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National Cowboy & Western Heritage Museum celebrates the life and legacy of Jerome Tiger on 50th anniversary of his death

National Cowboy & Western Heritage Museum celebrates the life and legacy of Jerome Tiger on 50th anniversary of his death

National Cowboy & Western Heritage Museum celebrates the life and legacy of Jerome Tiger on 50th anniversary of his death 150 150 Seth "from Marketing"

FOR IMMEDIATE RELEASE

August 16, 2017

Contact: Tara Carr, Communications Coordinator

tcarr@nationalcowboymuseum.org

(Office) (405) 478-2250 ext. 221

 

 

National Cowboy & Western Heritage Museum celebrates the life and legacy of Jerome Tiger on 50th anniversary of his death

Museum commemorates history and anniversary of legendary artist in fall exhibition.

 

OKLAHOMA CITY – The National Cowboy & Western Heritage Museum will open Life and Legacy: The Art of Jerome Tiger on August 25, 2017, running through May 13, 2018.

 

Born in Tahlequah, Oklahoma, on July 8, 1941, Tiger was a Muscogee (Creek) and Seminole painter who lived in Eufaula and Muskogee, Oklahoma.  Leaving school at age 16, he joined the U.S. Navy, serving in the Reserves from 1958 to 1960. Tiger found formal schooling unsatisfying, encouraging him to pursue his passion of drawing and painting.

 

His first steps into the art world came in 1962 after submitting several paintings to the American Indian Artists Annual at Tulsa’s Philbrook Art Museum. This jump-started his career and allowed others to recognize his talent and unique style. During the next five years, he produced hundreds of paintings, bringing a number of honors. Tiger’s style is said to be a combination of “spiritual vision, humane understanding, and technical virtuosity” with traditional subject matter and composition.

 

Tiger died in 1967 at the age of 26.  Fifty years later, the Museum commemorates the anniversary of his death. Although his career was cut short, he is recognized today as one of the most distinguished Native American artists of all time – his work continues to be shown in museums across the nation.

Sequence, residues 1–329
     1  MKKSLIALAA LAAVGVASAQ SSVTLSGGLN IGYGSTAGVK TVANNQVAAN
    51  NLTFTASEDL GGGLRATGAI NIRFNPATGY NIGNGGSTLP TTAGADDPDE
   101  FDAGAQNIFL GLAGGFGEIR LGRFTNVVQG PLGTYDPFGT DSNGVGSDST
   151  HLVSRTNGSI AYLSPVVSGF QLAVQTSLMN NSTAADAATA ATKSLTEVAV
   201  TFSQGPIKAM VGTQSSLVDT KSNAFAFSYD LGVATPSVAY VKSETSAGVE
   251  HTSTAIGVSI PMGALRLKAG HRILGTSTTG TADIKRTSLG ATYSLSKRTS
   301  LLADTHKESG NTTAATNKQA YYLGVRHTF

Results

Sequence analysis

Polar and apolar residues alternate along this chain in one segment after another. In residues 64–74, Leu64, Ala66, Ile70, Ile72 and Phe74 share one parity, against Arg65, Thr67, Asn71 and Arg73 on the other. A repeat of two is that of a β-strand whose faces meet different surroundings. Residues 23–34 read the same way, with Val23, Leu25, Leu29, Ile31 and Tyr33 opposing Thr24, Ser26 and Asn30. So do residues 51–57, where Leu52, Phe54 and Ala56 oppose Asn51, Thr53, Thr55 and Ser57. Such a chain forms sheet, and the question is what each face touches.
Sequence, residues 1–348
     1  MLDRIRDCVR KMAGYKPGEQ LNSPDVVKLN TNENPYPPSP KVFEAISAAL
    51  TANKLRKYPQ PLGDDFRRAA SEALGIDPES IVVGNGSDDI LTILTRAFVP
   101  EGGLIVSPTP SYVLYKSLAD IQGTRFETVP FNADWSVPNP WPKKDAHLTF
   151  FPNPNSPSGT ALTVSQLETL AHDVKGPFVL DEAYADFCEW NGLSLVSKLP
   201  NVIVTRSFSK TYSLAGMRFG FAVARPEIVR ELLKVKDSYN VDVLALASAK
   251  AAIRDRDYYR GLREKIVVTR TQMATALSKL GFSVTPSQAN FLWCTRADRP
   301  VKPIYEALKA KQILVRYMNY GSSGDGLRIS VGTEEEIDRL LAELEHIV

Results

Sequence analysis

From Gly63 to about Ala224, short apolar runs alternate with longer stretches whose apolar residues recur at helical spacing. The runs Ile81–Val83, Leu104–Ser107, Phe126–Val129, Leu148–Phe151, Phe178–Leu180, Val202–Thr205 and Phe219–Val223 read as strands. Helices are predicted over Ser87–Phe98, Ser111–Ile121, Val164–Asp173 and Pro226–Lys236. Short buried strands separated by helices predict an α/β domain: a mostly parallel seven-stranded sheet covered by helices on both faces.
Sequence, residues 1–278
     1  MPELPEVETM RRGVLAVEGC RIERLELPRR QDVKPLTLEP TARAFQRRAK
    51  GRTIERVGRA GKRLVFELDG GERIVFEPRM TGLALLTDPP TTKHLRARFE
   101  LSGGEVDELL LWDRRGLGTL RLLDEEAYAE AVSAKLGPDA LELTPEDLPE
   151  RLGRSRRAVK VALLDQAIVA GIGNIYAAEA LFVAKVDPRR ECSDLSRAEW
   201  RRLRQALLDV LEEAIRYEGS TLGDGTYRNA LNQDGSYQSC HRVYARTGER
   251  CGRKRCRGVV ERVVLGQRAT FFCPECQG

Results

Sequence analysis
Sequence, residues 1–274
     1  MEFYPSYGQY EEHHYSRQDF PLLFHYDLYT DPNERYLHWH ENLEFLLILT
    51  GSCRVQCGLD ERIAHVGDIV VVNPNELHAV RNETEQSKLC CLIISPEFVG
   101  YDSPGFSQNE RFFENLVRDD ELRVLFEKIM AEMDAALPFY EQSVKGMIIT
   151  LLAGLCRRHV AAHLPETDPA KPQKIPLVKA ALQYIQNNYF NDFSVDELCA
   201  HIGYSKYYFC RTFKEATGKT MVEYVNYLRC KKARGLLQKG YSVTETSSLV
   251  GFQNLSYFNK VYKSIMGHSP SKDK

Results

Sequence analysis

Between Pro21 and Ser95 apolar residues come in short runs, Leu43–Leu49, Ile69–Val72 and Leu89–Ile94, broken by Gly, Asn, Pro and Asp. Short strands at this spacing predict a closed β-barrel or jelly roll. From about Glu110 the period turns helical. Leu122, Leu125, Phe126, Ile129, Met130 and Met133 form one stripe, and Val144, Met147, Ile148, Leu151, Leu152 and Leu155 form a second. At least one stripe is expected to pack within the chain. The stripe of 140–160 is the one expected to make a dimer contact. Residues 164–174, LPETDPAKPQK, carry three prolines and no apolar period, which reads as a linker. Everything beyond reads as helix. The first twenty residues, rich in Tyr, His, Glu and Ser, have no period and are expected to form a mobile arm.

“It is a great honor to display the coveted works of Jerome Tiger at the National Cowboy & Western Heritage Museum,” said the Museum’s Curator of Ethnology Eric Singleton. “As a Museum and educational institution, it is our responsibility to teach and preserve the history of the American West, and Tiger’s story is one that will be told for generations to follow.”

 

Tiger’s daughter, Dana Tiger, will give a presentation at the Museum’s Brown Bag Lunch Series on September 13, 2017. She will share stories from life with the father who became an art legend in five years. Bring your lunch or purchase one at The Museum Grill. Reservations are not required; admission is free to the lunch series. For more information about this exhibition and related programming, visit nationalcowboymuseum.org or call (405) 478-2250. Photos can be found at Nationalcowboymuseum.org/tiger.

 

About the National Cowboy & Western Heritage Museum

Nationally accredited by the American Alliance of Museums (AAM), the National Cowboy & Western Heritage Museum is located only six miles northeast of downtown Oklahoma City in the Adventure District at the junction of Interstates 44 and 35, the state’s exciting Adventure Road corridor. The Museum offers annual memberships beginning at just $40. For more information, visit nationalcowboymuseum.org. For high-resolution images related to the National Cowboy Museum, visit nationalcowboymuseum.org/media-pics/.

 

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